The effects of consonantal specificity, articulatory phonetics and prosody in young infants’ lexical acquisition
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The present study was designed to investigate the role of consonants within word-initial consonantal contrasts, articulatory phonetics (involving place of articulation and voicing features) and prosody in young infants’ lexical acquisition. The participants were twenty-four 25-month-old infants, who were recruited from the Babylab database at The University of Plymouth. All children participated in a modified name-categorisation task and the actual experiment involved the use of eight disyllable paired pseudowords. The results found that this age group were unable to learn phonetically similar pseudowords that had a consonantal contrast and were unable to distinguish between word-initial contrasts that used articulatory phonetic features. However, the present study did find that this age group were sensitive to prosody changes when learning new words.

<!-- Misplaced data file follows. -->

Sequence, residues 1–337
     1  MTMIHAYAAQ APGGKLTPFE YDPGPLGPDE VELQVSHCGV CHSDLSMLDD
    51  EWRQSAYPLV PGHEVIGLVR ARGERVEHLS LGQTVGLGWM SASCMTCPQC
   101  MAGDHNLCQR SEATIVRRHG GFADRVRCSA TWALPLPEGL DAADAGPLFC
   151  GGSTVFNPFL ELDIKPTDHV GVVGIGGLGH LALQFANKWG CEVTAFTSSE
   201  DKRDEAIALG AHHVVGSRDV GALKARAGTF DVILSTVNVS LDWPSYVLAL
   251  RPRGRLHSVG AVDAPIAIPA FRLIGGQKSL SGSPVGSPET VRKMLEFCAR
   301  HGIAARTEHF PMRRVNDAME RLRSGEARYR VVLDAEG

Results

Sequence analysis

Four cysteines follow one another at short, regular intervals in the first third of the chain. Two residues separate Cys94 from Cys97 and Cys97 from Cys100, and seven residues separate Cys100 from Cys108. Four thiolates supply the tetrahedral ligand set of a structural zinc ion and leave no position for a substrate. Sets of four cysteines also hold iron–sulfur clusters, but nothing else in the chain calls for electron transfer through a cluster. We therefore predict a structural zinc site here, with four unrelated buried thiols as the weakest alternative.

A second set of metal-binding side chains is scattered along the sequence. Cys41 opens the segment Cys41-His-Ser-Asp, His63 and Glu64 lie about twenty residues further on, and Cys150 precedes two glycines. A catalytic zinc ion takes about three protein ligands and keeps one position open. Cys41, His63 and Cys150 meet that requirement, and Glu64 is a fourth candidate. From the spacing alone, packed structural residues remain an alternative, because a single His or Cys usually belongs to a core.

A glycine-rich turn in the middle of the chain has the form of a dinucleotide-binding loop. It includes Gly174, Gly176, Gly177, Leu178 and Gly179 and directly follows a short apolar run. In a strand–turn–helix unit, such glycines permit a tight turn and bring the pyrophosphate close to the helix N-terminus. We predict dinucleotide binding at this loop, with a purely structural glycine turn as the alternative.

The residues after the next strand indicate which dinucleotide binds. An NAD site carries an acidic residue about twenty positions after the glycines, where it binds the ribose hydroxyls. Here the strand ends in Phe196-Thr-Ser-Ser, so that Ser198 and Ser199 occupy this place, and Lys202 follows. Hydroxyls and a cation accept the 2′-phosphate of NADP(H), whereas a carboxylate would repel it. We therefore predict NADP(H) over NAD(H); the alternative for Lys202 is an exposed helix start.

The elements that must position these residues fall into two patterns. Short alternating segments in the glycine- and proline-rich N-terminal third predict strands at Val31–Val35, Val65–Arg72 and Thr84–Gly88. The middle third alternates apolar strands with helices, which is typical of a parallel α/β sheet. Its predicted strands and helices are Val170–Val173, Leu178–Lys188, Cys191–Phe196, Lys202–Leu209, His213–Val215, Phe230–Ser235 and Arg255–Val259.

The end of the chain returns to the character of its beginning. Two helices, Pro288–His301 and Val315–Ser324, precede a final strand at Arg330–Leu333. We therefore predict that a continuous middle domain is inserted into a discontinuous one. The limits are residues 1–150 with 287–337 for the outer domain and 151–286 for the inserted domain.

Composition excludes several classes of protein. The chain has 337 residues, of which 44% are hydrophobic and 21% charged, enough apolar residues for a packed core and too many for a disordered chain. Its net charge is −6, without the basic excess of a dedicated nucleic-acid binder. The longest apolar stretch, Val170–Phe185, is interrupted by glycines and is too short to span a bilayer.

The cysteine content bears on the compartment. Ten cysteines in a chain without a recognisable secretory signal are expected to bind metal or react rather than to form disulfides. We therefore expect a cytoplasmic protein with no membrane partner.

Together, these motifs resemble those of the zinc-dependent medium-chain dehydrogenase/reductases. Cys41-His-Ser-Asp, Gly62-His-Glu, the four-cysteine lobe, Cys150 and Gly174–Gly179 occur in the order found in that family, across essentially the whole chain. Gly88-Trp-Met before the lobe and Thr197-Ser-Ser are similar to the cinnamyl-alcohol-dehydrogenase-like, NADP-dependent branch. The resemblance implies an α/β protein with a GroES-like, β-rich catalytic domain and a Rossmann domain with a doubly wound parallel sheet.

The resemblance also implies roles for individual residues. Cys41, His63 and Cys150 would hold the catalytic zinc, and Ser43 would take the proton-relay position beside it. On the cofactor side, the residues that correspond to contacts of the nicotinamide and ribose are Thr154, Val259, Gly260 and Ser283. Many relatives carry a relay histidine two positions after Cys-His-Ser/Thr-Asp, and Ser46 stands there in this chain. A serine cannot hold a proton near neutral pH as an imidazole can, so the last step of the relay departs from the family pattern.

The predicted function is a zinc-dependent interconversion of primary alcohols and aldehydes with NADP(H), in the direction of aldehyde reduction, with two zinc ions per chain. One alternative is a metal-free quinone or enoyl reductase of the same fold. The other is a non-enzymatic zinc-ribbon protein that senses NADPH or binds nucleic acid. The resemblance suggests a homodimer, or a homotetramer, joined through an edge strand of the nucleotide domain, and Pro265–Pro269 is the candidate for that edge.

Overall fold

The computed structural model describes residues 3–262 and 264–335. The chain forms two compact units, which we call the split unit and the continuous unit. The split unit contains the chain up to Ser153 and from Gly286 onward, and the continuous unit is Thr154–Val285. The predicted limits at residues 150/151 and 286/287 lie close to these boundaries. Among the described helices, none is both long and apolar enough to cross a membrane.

Farley, V. (2010) 'The effects of consonantal specificity, articulatory phonetics and prosody in young infants’ lexical acquisition', The Plymouth Student Scientist, p. 86-106.